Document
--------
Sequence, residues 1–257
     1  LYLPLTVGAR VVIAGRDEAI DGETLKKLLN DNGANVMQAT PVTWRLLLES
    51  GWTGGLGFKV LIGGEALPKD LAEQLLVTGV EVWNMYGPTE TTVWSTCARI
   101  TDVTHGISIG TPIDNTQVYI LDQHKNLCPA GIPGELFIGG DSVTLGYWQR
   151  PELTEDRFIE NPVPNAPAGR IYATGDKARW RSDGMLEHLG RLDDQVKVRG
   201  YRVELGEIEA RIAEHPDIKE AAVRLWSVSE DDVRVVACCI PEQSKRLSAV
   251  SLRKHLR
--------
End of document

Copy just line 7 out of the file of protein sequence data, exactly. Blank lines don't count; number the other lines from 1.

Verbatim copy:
   251  SLRKHLR